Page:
As reported in the most recent report from the World Economic Forum issued in October 2012, Moscow still ranks 39th in a list of international financial centres, the same position as last year. Moscow ranked worst as institutional environment (59th), banking financial services (58th) and financial access (50th).
According to the report, Moscow is held back by some continuing negative perceptions, with Russia allegedly still “plagued by a weak institutional environmenta, with weaknesses identified in a number of areas, including “corporate governance, legal and regulatory issues, and financial sector liberalisation.”
So while the politicians may talk the talk, nobody is being taken in. If the Kremlin wants the situation to change, it will have to do something about rampant corruption and the poor state of the judicial system, which is so derided by even Russian citizens that they prefer to stipulate arbitration in other jurisdictions for disputes and to litigate more and more frequently in the UK.
Meanwhile financial liberalisation will require even more change: it is clear to all but the short-sighted that the Russian stock market is not representative of real interest in blue chip shares, given that most companies are still either state-controlled or controlled by various oligarchs to such an extent that the percentage of shares on sale on the market rarely exceeds 10 per cent of the total number of shares – in the rare exceptions this is due to the fact that 25 per cent of such a company is already traded on a European stock exchange.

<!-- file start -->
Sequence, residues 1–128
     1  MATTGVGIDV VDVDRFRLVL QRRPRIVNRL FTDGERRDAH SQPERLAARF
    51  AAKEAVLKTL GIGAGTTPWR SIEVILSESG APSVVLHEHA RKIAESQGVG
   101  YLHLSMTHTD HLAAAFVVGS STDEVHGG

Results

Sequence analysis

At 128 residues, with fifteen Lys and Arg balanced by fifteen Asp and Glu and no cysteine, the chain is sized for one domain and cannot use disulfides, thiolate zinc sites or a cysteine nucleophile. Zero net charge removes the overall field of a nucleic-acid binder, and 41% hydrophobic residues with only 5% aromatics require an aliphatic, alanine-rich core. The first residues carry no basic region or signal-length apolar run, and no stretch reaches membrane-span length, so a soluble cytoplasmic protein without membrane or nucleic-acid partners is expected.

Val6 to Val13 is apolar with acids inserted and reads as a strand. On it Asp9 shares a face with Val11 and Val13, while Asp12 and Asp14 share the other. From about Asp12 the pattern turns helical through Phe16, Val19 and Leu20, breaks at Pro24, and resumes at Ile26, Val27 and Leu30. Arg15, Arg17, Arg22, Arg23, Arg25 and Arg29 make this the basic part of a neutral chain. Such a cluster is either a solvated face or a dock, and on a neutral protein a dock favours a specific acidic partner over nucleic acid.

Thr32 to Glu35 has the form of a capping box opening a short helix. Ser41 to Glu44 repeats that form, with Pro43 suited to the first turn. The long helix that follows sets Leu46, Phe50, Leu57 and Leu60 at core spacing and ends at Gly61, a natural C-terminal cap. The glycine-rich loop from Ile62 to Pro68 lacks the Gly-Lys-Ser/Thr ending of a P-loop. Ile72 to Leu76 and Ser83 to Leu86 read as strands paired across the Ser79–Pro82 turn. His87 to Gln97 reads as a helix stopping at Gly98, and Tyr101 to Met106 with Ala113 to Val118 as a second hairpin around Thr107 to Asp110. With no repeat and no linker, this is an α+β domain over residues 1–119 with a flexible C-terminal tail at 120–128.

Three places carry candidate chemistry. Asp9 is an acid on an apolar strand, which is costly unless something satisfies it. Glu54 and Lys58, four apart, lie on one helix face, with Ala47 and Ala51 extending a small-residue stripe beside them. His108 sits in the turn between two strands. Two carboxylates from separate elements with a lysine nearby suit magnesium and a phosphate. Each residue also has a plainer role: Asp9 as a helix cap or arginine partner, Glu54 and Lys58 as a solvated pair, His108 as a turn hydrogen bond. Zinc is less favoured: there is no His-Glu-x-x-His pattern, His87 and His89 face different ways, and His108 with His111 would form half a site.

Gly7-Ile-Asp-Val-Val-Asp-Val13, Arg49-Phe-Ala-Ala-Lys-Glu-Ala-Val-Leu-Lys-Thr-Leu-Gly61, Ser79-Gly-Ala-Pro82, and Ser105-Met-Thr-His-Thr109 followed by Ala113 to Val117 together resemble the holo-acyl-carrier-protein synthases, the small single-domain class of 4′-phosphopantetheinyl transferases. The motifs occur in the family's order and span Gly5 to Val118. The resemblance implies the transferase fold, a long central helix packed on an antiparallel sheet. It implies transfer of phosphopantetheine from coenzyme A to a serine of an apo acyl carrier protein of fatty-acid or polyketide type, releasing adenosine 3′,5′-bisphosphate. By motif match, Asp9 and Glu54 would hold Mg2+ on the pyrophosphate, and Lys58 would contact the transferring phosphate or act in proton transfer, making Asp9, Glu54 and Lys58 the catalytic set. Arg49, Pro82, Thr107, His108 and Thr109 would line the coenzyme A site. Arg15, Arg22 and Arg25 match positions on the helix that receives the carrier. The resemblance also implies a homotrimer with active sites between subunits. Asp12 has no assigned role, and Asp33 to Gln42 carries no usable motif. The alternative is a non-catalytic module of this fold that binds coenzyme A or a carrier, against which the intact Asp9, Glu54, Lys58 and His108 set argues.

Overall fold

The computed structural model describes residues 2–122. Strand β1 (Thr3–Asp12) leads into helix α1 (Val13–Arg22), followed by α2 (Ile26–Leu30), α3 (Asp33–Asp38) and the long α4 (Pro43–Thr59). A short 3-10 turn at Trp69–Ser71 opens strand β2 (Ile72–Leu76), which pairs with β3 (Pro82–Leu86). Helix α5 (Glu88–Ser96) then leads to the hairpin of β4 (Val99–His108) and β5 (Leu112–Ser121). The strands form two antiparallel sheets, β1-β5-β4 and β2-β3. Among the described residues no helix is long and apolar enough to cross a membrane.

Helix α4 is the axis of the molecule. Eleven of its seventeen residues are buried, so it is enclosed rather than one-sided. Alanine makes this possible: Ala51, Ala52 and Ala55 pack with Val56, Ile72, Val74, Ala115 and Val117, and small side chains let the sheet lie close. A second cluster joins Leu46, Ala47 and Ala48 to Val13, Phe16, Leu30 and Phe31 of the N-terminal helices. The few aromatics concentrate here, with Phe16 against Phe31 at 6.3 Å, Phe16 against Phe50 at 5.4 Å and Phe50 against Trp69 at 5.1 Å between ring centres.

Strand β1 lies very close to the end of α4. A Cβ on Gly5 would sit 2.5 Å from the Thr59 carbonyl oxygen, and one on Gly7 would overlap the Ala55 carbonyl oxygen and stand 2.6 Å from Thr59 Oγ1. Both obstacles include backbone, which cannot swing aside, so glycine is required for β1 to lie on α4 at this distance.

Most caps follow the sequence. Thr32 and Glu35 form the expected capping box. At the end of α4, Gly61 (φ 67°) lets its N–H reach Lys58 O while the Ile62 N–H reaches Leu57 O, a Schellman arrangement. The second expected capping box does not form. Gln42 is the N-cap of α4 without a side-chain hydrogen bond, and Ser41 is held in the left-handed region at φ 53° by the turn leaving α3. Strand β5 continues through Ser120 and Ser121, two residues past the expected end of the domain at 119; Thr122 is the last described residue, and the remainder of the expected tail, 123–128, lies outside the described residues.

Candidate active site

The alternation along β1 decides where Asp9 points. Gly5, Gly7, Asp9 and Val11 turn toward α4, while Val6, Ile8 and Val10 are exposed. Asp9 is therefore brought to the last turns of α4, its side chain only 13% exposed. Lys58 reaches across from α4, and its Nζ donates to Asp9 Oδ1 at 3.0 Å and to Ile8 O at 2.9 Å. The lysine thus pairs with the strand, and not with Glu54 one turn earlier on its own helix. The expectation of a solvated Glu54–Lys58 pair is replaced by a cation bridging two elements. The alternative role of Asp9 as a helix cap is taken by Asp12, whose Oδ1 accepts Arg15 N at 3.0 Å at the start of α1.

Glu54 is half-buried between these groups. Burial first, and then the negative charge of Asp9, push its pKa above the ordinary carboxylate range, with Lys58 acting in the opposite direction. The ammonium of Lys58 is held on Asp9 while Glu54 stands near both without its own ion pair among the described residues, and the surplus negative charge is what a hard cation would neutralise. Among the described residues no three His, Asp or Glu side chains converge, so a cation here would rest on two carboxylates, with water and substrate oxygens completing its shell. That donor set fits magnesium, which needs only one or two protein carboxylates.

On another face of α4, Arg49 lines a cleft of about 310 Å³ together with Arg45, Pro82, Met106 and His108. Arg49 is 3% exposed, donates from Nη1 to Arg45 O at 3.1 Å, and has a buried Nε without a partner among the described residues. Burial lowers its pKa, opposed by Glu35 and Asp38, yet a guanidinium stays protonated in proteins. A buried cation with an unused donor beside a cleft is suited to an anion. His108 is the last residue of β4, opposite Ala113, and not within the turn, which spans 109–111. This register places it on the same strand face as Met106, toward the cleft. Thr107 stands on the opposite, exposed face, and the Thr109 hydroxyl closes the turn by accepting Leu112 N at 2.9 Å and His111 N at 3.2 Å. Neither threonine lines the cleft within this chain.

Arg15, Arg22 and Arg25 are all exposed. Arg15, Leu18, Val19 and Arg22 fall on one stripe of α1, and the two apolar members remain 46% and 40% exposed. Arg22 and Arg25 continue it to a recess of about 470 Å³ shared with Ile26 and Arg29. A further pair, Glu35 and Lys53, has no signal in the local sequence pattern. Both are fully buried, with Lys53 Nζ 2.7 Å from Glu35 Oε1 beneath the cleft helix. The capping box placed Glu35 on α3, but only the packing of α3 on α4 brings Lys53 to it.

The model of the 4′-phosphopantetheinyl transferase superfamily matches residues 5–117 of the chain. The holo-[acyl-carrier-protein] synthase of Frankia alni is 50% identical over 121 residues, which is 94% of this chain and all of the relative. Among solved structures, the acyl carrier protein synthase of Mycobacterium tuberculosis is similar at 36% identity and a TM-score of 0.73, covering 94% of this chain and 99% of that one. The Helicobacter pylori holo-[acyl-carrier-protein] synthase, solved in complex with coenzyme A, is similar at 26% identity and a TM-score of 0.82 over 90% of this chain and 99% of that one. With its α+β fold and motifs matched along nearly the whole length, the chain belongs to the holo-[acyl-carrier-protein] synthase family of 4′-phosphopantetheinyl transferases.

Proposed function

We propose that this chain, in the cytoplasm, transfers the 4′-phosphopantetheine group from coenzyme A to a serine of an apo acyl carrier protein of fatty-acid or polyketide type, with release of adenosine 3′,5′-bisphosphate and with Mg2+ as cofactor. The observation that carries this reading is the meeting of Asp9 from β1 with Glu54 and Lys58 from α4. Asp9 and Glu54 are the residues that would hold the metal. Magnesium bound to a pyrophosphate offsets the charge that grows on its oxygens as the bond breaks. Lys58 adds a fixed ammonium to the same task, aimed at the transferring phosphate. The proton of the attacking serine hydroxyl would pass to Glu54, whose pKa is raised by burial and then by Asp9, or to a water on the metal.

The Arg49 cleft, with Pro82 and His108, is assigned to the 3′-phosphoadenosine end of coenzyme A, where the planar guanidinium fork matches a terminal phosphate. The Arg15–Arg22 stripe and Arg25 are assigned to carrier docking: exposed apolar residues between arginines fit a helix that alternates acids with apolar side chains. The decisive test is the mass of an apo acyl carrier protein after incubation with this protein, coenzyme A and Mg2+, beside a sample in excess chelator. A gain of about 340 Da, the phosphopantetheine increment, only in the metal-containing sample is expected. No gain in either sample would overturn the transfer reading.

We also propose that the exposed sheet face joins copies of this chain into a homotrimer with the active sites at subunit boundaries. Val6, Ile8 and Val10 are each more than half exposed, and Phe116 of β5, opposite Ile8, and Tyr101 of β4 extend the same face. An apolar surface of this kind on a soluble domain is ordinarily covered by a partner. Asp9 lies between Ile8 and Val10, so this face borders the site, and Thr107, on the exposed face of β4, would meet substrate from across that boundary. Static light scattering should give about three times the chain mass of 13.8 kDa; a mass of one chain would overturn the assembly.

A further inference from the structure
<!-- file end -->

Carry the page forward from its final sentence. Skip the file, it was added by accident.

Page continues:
So the Potemkin “democracy” is accompanied by a similar artificial financial centre. Unfortunately, if the authorities want that to change, they will need to introduce real reforms to persuade Russian companies to list in Russia – expecting the world to pay lip service may work when it comes to politics, but global investors will expect at the very list some level of financial transparency.